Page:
23. One year after PAD treatment, it’s estimated that up to 60% of ulcers in people with diabetes and PAD are healed.[xiii]

24. Among people with a diabetic foot ulcer and PAD, improving the blood flow within 8 weeks after initial evaluation by a doctor is more likely to lead to healing of the ulcer.[xiv]

25. About 20% of patients with symptoms from PAD have diabetes.[iv]

It’s important to keep in mind that early intervention and treatment of PAD is the most effective way to potentially avoid amputation. Waiting too long to seek treatment can severely limit your options. If you’re concerned about having surgery to treat your PAD, ask your doctor about less invasive alternatives. There are several minimally invasive peripheral arterial disease treatment options you can look into, including procedures such as, atherectomy or angioplasty and stenting.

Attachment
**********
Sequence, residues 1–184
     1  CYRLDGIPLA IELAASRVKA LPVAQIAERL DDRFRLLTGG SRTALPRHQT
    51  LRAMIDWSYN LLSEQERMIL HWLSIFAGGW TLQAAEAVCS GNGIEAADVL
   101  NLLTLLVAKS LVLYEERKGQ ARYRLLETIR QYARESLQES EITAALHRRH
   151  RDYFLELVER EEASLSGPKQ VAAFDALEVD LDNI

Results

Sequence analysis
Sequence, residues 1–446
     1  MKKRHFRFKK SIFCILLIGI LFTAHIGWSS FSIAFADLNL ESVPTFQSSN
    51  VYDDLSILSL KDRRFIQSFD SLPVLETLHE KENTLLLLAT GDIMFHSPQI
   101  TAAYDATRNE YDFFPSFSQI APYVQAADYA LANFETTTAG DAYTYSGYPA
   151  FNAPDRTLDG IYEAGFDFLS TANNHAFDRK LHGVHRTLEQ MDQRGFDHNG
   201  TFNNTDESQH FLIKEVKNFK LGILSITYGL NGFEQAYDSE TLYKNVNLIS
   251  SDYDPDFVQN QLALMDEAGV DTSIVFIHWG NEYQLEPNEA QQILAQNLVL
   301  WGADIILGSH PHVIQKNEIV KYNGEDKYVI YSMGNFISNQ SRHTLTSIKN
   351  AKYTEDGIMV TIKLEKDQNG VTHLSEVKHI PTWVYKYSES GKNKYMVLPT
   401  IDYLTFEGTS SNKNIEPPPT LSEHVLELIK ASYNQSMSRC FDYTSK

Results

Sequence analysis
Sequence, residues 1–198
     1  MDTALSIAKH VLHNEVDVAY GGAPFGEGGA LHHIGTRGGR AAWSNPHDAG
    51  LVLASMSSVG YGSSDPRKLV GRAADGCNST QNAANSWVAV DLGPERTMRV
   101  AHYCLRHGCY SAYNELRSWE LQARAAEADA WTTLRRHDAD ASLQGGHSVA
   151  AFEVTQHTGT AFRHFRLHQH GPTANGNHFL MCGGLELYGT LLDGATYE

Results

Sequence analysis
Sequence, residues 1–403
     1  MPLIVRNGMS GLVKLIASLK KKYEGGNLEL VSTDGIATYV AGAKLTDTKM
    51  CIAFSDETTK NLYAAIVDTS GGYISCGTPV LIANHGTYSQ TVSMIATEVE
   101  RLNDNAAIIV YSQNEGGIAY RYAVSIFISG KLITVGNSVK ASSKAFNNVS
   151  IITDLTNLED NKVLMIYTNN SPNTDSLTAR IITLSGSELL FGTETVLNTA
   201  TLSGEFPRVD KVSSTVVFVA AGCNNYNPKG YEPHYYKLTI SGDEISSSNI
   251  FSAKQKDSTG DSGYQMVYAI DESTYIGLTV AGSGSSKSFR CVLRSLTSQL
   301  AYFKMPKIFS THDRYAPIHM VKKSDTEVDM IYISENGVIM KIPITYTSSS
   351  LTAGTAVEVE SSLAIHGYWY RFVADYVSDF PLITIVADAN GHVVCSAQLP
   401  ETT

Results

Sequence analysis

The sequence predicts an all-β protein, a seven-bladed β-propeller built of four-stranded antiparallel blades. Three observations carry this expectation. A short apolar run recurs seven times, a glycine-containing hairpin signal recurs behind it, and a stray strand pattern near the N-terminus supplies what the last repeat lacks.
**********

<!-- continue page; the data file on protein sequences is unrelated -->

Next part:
Diabetic foot ulcers are serious and can lead to amputation. If you have diabetes and you still haven’t shown your foot ulcer to your doctor, please set up an appointment now.

pad guide to pad treatment options

i Centers for Disease Control and Prevention. National Diabetes Statistics Report: Estimates of Diabetes and Its Burden in the United States, 2014, Atlanta, GA: US Department of Health and Human Services; 2014. http://www.cdc.gov/diabetes/data/statistics/2014statisticsreport.html (accessed 8/1/2016)
ii Brownrigg, J.R.W., Apelqvist, J., Bakker, K., Schaper, N.C., and Hinchliffe, R.J., Evidence-based managed of PAD & the Diabetic Foot. Euro J Vasc and Endovasular Surg, 2013. 45(6): p. 673-681. http://www.ejves.com/article/S1078-5884(13)00136-6/abstract (accessed 7/30/2016)